There were three of us – me, mom and my sis. We had just reached Gateway to catch the boat. Well, technically it was a ferry boat, with more than a dozen people on board but that doesn’t matter. If you haven’t taken a ferry ride before, you definitely must. Barring the queue, the mad rush to get seats and the waiting, it is a ride to be experienced. For, when you enter the boat and it pushes ahead and you see the facade of the Gateway getting hazy, it is like biding goodbye to the city that makes you work and spend in a loop, thereby holding you tightly in its grips.
As the city moves further away and the winds envelopes you, everything else is forgotten. It is just the sea, the sky and you. A 360-degree blue canvas laid out for you, for you to decipher the shapes of the clouds or smell the sea or count the birds or marvel over the huge ships or simply decode your fellow passengers. No matter what you do, the hour passes in a jiffy and you have already reached Mandwa.
From, Mandwa you take a bus to Alibaug, which is inclusive of the ferry fare. Our plan was to take an auto from Alibag to Kashid, where our resort lay.
The bus ride (where again you have a line) takes you through narrow lanes and through small villages ie. modest brick houses but with huge adjoining gardens and vegetable patches. Coconut trees and rice grow in abundance here but you can also find pumpkins and ridge gourd. This is a 45 minute ride that takes you from one narrow lane to next, surrounded by the greenery and pockets of people and civilisation.
If you are going to Kihim, you might to well to get down at the Chondi stop but for Nagaon or Kashid you have to get to the last stop ie Alibaug. From here, you can either share the six-seater auto or the normal three-seater. These, however, don’t go by the meter, and charge you some random amount.
From Alibaug to Kashid by the auto is another hour and a half approximately, again surrounded by the greens, houses and the sea. While, travelling by car may seem more comfortable, you might alternatively want to give this crazy method a try. It is worth it.
Coming to the Kashid itself, it is a beautiful white sand beach. I remember it being much cleaner the last time though. The waves are strong and the two outings we had at the beach were sheer joy. Near the main beach, you find stalls, which house hammocks and where you can happily lap up coconut water and snacks as you wait to battle the chill from being all wet. In the morning, I clearly spotted some crabs in the water, which made me anxious for a while but that didn’t stop me for more than 5 minutes. This was off the main beach, more towards where our resort (Kashid Beach Resort) lay.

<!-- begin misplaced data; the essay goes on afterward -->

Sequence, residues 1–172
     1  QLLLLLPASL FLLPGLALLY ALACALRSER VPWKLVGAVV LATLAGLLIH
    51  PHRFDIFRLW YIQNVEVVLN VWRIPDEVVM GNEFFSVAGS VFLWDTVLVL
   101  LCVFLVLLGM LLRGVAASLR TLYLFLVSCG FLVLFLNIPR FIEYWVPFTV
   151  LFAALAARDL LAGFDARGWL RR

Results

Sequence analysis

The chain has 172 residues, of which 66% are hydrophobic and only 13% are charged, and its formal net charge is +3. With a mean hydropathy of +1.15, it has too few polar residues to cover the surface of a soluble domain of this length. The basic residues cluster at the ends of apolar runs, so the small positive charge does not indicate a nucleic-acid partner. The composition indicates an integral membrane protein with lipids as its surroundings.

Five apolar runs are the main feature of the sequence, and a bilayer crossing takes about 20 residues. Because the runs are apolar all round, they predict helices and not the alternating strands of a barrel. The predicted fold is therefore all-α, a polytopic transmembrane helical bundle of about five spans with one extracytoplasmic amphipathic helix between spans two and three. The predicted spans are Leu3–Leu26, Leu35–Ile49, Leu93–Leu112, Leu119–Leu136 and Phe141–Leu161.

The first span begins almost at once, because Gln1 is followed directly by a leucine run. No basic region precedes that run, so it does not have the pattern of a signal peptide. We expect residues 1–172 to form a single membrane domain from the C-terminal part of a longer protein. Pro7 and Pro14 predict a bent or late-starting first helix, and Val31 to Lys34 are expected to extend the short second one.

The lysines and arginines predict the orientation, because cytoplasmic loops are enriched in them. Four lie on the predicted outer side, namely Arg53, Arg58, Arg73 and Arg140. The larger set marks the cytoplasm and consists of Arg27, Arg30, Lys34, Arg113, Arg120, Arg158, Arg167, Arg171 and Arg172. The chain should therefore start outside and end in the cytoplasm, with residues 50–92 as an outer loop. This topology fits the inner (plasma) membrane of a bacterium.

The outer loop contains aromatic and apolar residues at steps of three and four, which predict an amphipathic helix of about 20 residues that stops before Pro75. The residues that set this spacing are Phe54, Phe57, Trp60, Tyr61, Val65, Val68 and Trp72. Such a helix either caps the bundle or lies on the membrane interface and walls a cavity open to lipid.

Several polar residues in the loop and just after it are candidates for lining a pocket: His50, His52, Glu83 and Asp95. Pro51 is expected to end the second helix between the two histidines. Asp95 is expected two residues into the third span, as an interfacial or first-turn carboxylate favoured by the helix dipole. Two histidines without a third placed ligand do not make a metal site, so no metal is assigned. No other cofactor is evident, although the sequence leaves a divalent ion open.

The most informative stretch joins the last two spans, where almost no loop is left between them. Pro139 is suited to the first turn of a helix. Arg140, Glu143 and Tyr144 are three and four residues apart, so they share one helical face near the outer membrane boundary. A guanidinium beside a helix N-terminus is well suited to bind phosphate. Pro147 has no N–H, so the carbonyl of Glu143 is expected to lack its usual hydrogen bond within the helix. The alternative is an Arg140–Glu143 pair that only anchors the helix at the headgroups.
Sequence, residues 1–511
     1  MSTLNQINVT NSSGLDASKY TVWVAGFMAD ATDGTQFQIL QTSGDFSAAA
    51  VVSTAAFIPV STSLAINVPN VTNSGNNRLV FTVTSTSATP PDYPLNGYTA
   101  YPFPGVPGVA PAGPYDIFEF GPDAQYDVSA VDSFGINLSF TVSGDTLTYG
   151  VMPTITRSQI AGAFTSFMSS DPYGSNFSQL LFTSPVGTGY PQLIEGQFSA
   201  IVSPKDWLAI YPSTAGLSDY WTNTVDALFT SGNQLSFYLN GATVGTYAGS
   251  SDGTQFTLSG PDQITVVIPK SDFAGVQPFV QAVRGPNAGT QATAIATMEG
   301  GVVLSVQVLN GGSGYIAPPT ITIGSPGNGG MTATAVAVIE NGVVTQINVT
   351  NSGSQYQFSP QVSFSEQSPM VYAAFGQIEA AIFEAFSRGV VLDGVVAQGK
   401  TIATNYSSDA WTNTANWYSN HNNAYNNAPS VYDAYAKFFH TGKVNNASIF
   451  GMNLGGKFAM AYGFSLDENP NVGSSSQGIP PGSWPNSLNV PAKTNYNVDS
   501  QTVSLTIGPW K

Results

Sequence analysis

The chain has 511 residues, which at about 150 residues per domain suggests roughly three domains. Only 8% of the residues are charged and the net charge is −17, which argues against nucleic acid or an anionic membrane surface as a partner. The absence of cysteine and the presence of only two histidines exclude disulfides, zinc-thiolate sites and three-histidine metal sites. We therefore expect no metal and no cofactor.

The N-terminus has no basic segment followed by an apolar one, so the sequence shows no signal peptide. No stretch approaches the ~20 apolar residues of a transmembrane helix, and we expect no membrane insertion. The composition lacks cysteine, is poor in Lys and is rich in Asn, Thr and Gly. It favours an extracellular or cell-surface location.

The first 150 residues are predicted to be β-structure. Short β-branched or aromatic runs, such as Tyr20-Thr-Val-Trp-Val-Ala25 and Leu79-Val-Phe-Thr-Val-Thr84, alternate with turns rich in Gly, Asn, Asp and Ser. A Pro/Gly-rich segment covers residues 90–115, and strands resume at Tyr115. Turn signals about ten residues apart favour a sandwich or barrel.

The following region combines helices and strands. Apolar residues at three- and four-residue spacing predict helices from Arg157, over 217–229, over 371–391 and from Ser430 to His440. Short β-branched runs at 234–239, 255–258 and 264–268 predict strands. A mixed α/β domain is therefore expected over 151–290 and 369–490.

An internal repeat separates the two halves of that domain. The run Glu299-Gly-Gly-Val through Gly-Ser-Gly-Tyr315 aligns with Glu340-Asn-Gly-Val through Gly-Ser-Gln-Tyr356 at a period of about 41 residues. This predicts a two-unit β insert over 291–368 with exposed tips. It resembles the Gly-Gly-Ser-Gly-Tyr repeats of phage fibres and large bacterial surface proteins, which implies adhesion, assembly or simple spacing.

What was more exciting about the trip was the visit to the lighthouse and learning about the Portugese descendants still living close by in Korlai. The Korlai village is enroute to the lighthouse, a small settlement but with bright houses ranging from pinks to florescent greens to purples in an array – which make quite a pretty picture. As do the fishing boats with yellow and red flags fluttering with the wind.
The lighthouse is quite stout when it comes to it, just three flight of stairs but it was our first time in a lighthouse and the view of the sea from the top was quite nice. The guard also told us about the new radar system installed by the Coast Guard to monitor activity around the area.
From atop, we saw the Korlai fort, once a Portugese bastion, which we were advised not to visit because of the outgrowth during the rains and possible snakes. And it is here in the Korlai village that some of the descendants of the Portugese still remain.
The Birla temple, nearby, is also a possible destination. It is just alongside the Welpsun factory and built by the Aditya Birla Group. It is all white marble and surrounded by well manicured gardens. You can see a conveyer belt mechanism that runs along the way before the temple, that we were told was used to transport materials to factory earlier. On the floral front, there is a lotus pond, filled with pretty pink lotuses just before Nagaon.
But the highlight of the trip will have to be the way back to the hotel. Not so much for the ground view but the aerial one. The sun had started its descent, infusing all sorts of colours into the white and blue canvas. And as the invisible painter, began his fluid strokes, the sky, obeying, turned from a rosy pink to purple to peach with bold golden strokes as if to signify a master. In pockets, the greys of the clouds, provided texture and depth. But unsatisfied, the painter now brought in the blacks and the greys, as it steadily grew darker. He would start with a fresh canvas again tomorrow.
This is the image I brought back with me more than the sea or the greens. We departed the next morning, taking the same route – over roads and the sea – back to where the duties beckoned but not the heart.